Founded in 1968 by J. Morris Anderson, the Miss Black America system was developed to reverse the negative propaganda of the Black woman and her role in America. Today, as our nation embraces Black beauty, MBA remains ever committed to the empowerment of women of color throughout America, representing all of our sisters of the African Diaspora.
I was so excited to attend the Smithsonian Museum of African Art’s recent one on one discussion with Ruth E. Carter, the famed costume designer for the new Marvel film The Black Panther.
Featuring an all Black cast, the movie takes place in the fictional land of Wakanda, said to be located around eastern Africa.
Carter, who shared her journey developing the costumes, emphasized that although the place (Wakanda) is literally nonexistent, its African essences pulled from countries all across the continent, proving that “Wakanda” truly lives in all of us.
Marvel Studios’ BLACK PANTHER L to R: Nakia (Lupita Nyong’o) and Shuri (Letitia Wright) Ph: Film Frame ©Marvel Studios 2018
Ruth E. Carter:
“The idea was to present a new model for a vision of Afrofuturism,” Carter said during the Saturday, Feb. 10 event. “I had to make this Black Panther costume come to life. From designing the texture of the fabric all the way to lacing the entire suit with vibranium — this sacred metal only found in Wakanda. … There’s this sacred geometry when you look at the continent of Africa. There’s a triangle that’s used throughout the continent and all other types of forms. So we took a tiny triangle and we printed on the fabric. So when you get up close, and you will, you’ll see that little triangle throughout.
“That overall patterning throughout the suit —with or without the Black Panther’s helmet on — became the king’s clothes in a way, so not only is he a superhero, but he is also this African king,” she said. “And that was one of my major contributions to the film.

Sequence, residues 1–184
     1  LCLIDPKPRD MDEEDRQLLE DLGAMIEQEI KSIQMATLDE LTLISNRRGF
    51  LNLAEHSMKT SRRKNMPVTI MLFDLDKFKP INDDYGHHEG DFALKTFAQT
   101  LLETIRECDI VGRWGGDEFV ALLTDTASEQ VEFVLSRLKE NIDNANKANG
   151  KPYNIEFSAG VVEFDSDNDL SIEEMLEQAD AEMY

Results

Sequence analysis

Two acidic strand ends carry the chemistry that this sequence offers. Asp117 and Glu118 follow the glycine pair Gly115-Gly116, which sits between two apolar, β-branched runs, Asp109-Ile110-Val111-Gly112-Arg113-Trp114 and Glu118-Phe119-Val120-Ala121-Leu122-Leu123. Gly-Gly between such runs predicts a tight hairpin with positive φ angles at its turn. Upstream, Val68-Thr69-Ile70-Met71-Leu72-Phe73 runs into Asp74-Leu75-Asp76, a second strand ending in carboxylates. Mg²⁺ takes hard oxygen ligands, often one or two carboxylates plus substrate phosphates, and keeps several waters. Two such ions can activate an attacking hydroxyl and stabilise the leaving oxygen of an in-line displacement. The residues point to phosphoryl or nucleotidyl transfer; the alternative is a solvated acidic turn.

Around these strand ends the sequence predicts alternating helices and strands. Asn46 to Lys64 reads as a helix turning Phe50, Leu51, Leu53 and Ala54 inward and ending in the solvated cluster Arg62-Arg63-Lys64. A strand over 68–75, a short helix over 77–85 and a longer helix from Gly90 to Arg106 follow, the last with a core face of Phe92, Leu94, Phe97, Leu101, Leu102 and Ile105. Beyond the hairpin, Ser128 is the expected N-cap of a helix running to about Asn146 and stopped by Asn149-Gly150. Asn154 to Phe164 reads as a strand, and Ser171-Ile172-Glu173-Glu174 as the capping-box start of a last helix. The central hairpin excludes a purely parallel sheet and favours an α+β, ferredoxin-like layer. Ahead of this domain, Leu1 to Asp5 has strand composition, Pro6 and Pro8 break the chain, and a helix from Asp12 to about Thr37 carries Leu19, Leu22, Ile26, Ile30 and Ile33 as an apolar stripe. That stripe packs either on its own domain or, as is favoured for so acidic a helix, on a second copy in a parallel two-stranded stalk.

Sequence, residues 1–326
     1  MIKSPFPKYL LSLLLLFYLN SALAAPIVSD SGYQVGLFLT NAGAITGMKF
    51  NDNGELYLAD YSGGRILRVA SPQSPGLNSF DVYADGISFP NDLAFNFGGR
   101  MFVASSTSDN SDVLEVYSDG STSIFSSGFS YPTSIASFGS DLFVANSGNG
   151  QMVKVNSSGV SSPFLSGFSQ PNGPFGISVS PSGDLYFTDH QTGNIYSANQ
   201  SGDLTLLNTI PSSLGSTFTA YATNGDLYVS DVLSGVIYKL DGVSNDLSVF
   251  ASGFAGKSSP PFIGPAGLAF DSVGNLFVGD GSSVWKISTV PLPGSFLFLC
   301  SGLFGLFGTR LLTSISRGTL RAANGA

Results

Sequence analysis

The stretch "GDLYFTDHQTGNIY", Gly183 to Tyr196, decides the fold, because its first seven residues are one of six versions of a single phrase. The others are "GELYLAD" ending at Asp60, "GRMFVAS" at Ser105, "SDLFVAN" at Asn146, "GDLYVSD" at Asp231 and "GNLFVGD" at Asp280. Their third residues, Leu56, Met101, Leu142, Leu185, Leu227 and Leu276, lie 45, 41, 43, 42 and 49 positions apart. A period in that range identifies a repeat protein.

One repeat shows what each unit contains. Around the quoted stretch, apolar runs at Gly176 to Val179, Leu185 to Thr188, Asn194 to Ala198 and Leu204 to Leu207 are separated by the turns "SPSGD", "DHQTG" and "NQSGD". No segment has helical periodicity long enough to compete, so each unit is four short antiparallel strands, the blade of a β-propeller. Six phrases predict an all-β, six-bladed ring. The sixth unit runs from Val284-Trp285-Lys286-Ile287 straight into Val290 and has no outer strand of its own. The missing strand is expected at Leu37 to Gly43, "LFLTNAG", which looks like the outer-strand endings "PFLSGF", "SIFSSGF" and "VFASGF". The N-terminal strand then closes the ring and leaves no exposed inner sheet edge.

“That’s what’s so great about this project,” she said. “You should be able to say you’re from Wakanda, you’re part of … the Turkana tribe,” Carter said. “That’s the beauty of what this film can do for you. You should be able to pick it apart and say, ‘I’m gonna find out more about myself.”’
Partnering with Verona Collection, an upscale Islamic boutique, Macy’s will make history as the first major retailer to exclusively carry fashion products for both Muslim and non-Muslim women across the U.S.
Set to hit Macy’s online Feb. 15, the complete line is perfectly full of cool and warm colored hijabs (headscarves), tops, pants, dresses and abayas, (a loose garment worn by some Muslim women) for all confident females
“Verona Collection is more than a clothing brand, it is a platform for a community of women to express their personal identity and embrace fashion that makes them feel confident on the inside and outside.” -Lisa Vogl, Founder
That New New Satin Jacket – Dusty Pink, Fashion Nova ($39) • Euronike, ALDO ($35) • Etched Ring Set, Forever21 ($6) • Jazzy Belle Burgundy Dress, Lulus ($42) • Burgundy Basic Block Heel, Windsor Store ($27)
Unfortunately, in most parts of Egypt, the brilliant shine of dark skin is not appreciated, and the lighter, more Anglo-Saxon complexions are instead preferred, despite the origin of the country’s Nubian people, who once proudly boasted goldeny chocolate hues, on the upper east side of Africa.
Amna Elshandaweely, who grew up in Egypt, spent a large portion of her life being scrutinized over her skin’s darker tint. But in a fiery revolution, Elshandaweely is bringing Black Love Back, celebrating what it means to be an African and what it symbolizes to proudly be a person of color.
Taking the fashion industry by storm, Elshandaweely uses inspirations and patterns from places like Kenya, Fayoum-Egypt and the history prints of the Nubian people (who til this day, have the facial features of the pharaohs) to create her beautiful high-fashion garments.
With her eponymous tribal wear brand and her exploration of African identity, Elshandaweely challenges the norm of lighter skin and shades of lighter fabric as being “the most beautiful.”
Using dark-skinned models in her catalogues and giving cocoa-skinned Egyptians a chance to see themselves widely represented in a positive light, Elshandaweely is a modern day Wonder Woman.